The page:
Before our most recent trips to eat in Hong Kong, our dining experiences included a lot of Hong Kong dim sum, searches for spicy noodle soups, and attempts to find our favorite Szechuan dishes. During our last two trips, though, we’ve had the opportunity to dine at some of the finest restaurants serving Cantonese in Hong Kong. It made me do a little research about what is Cantonese cuisine, as we dined on some of the best Cantonese in Hong Kong, and in nearby Macau. What is Cantonese Cuisine Cantonese cuisine hails from the Guangdong province in China. It is one of the Eight Culinary Traditions of Chinese cuisine. The capital of Guangdong is Guangzhou, a port city, which is why seafood and fish feature so heavily in Cantonese cuisine. Cantonese cuisine focuses on subtle flavors, unlike Szechuan cuisine, which revolves around spicy flavors and chili peppers. Because the focus is on fresh ingredients, it’s unnecessary to heavily season the dishes. Instead, the goal is to highlight the flavors of the fresh ingredients themselves. Dim sum is just one type of Cantonese cuisine. Other Cantonese dishes are often stir fried or steamed. Dishes feature both roasted and barbecued meats, like the famous bbq pork, or char siew. The meals always include fried rice, but in a unique way. In Cantonese tasting menus, fried rice is served towards the end of the meal, just before dessert. At first, we wondered why. In American Chinese food, the fried rice is always served with the meal. And, in each of these multi-course Cantonese feasts, by the time the rice course arrived I was always...
Whisky Pairing Dinner at Dynasty Hong Kong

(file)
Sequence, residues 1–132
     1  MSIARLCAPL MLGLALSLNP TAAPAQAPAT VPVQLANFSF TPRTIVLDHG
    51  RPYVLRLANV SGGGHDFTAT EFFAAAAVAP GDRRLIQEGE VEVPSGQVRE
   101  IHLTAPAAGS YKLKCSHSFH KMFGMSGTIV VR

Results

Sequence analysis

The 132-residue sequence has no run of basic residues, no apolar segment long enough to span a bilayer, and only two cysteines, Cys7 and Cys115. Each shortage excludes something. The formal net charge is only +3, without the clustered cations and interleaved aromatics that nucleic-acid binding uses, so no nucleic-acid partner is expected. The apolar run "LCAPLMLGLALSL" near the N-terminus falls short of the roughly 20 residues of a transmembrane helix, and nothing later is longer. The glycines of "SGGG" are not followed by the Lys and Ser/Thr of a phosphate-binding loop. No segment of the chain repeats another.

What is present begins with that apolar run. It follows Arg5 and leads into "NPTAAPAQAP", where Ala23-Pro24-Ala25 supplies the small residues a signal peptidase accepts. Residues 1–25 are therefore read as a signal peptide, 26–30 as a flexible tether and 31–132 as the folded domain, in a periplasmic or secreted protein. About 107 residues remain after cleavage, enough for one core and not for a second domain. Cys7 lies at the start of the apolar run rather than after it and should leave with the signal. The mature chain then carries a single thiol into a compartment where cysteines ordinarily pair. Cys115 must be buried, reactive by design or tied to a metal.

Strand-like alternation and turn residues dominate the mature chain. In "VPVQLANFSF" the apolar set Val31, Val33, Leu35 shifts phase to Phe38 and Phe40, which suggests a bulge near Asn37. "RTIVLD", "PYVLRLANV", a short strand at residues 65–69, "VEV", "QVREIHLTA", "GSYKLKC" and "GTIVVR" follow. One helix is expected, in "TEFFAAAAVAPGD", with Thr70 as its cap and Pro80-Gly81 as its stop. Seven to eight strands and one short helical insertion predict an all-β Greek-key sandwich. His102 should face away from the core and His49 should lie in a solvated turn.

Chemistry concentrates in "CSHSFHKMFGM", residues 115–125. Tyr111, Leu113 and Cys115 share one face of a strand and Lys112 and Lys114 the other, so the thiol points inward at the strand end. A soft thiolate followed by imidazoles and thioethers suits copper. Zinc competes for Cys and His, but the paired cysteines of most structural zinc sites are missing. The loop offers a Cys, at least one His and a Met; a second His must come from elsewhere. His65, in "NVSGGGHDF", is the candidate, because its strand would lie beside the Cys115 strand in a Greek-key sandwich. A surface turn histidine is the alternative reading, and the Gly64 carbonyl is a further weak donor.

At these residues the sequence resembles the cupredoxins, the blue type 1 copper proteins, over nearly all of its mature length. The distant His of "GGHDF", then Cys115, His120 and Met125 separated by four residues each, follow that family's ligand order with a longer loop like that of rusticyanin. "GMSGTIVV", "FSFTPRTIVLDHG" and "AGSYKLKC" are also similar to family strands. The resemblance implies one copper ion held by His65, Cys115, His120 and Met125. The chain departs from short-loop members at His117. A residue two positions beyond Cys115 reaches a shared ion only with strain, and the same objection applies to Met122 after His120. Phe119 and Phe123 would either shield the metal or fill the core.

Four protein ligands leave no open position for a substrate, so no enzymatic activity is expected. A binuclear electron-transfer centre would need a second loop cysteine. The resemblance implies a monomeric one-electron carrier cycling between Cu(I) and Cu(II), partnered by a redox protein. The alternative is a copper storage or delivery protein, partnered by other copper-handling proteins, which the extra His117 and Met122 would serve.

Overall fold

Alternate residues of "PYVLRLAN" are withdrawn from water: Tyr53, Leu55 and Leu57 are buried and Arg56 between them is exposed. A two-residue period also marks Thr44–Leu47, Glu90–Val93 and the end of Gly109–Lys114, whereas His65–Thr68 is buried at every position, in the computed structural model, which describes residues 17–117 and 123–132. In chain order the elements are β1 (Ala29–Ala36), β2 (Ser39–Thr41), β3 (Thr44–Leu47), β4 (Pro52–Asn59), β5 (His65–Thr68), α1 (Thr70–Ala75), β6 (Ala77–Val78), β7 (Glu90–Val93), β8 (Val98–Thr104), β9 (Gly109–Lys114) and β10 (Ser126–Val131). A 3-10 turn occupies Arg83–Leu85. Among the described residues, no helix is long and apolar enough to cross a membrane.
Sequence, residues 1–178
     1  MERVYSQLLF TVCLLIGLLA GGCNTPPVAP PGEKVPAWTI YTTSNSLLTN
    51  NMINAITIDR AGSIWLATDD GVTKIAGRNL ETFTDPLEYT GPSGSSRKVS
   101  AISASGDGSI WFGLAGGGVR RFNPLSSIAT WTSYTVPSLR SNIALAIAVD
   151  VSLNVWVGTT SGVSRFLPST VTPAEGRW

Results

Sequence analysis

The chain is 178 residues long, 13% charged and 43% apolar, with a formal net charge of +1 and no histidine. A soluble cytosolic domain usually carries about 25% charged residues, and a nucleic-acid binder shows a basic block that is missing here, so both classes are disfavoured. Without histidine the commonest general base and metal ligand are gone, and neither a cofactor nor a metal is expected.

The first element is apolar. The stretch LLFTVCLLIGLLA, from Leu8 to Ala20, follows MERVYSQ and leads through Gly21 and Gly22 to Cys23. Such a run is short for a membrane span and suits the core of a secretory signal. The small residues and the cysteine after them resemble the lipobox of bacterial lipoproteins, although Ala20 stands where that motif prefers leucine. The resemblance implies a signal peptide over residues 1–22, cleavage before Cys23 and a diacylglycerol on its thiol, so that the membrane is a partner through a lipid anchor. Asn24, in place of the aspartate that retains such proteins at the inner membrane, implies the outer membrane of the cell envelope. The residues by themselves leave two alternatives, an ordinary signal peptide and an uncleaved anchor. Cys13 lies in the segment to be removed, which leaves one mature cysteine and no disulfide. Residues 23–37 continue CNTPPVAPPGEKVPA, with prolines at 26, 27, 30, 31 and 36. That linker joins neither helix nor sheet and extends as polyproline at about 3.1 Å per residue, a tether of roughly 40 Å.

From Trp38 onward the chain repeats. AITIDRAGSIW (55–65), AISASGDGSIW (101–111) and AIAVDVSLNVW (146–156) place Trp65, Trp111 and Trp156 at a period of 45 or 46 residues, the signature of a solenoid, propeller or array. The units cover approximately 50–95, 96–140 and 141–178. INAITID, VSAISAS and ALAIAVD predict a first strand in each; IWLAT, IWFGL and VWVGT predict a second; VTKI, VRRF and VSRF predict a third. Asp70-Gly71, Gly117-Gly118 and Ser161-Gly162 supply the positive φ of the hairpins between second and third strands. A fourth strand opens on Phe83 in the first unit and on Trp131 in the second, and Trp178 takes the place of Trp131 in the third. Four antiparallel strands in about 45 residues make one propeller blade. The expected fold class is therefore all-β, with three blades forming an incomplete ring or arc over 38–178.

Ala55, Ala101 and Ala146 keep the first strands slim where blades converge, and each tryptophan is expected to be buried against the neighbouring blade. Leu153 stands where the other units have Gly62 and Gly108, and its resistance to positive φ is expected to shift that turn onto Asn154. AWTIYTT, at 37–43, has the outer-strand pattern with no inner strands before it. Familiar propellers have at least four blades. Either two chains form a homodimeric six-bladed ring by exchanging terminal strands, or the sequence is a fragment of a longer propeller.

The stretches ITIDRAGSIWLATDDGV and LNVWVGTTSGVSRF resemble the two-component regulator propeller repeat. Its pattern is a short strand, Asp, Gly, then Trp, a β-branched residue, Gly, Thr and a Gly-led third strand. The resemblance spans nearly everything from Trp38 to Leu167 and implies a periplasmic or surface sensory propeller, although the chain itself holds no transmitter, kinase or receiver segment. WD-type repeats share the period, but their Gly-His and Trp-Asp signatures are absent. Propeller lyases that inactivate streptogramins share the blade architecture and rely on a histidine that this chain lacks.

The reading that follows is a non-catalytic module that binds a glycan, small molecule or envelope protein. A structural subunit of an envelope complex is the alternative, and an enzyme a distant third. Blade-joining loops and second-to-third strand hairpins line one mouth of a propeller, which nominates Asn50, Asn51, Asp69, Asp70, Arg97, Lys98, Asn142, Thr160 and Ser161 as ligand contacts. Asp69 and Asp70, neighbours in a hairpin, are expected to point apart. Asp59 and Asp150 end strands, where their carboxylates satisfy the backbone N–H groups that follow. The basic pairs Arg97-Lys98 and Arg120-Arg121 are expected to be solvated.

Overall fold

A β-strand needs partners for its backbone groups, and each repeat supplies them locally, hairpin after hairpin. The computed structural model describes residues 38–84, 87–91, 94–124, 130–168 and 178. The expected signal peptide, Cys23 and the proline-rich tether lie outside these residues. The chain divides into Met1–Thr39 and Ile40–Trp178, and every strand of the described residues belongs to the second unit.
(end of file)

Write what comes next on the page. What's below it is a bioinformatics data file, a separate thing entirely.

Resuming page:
Whisky Pairing Dinner at Dynasty Hong Kong

When we walked up to our table at Dynasty Hong Kong, all I saw was a line of Glenlivet bottles and the famous Dynasty china pattern. I would expect nothing less from an elegant whisky pairing dinner in Hong Kong. Difference Between Whiskey and Whisky We drink a lot of whiskey, particularly when visiting family in Ireland. It’s generally a combination of Jameson, Power’s, Paddy’s, and other similarly named whiskeys. But, when we reviewed our whisky pairing dinner menu at Dynasty Hong Kong, one thing stuck out. We were about to drink 5 kinds of whisky. Not whiskey. Before we even started on our first course, we started to talk about the difference between whiskey and whisky. And, as much as I’ve drank a lot of whiskey, I had no idea what the difference was. At its simplest form, the words whiskey and whisky come from their translation from the ancient Irish and Scottish Gaelic translations. Generally Irish whiskey is spelled with the “e,”, and the Scottish version is whisky without the “e.” Whisky is used to describe whiskies distilled not only in Scotland, but also in Canada, Australia, Japan, and elsewhere in Europe. Whiskey is used in Ireland and America. There are also differences between how the two types of whiskey are made, depending on the grains, the use of peat, the stills used, and more. The most important thing, we were sitting down for a Glenlivet whisky pairing dinner, not a drop of Irish whiskey in sight. Our Whisky Pairing Dinner – Cantonese and Whisky Dynasty Hong Kong has a reputation as one of the top restaurants for Cantonese...
Do You Eat? Then Get Your FREE COPY of 37 Must Eat Foods in Southeast Asia!

Do you love to eat?

Don't miss a tasty morsel. Subscribe and receive a FREE eBook "37 Must Eat Foods in Southeast Asia"

You have Successfully Subscribed!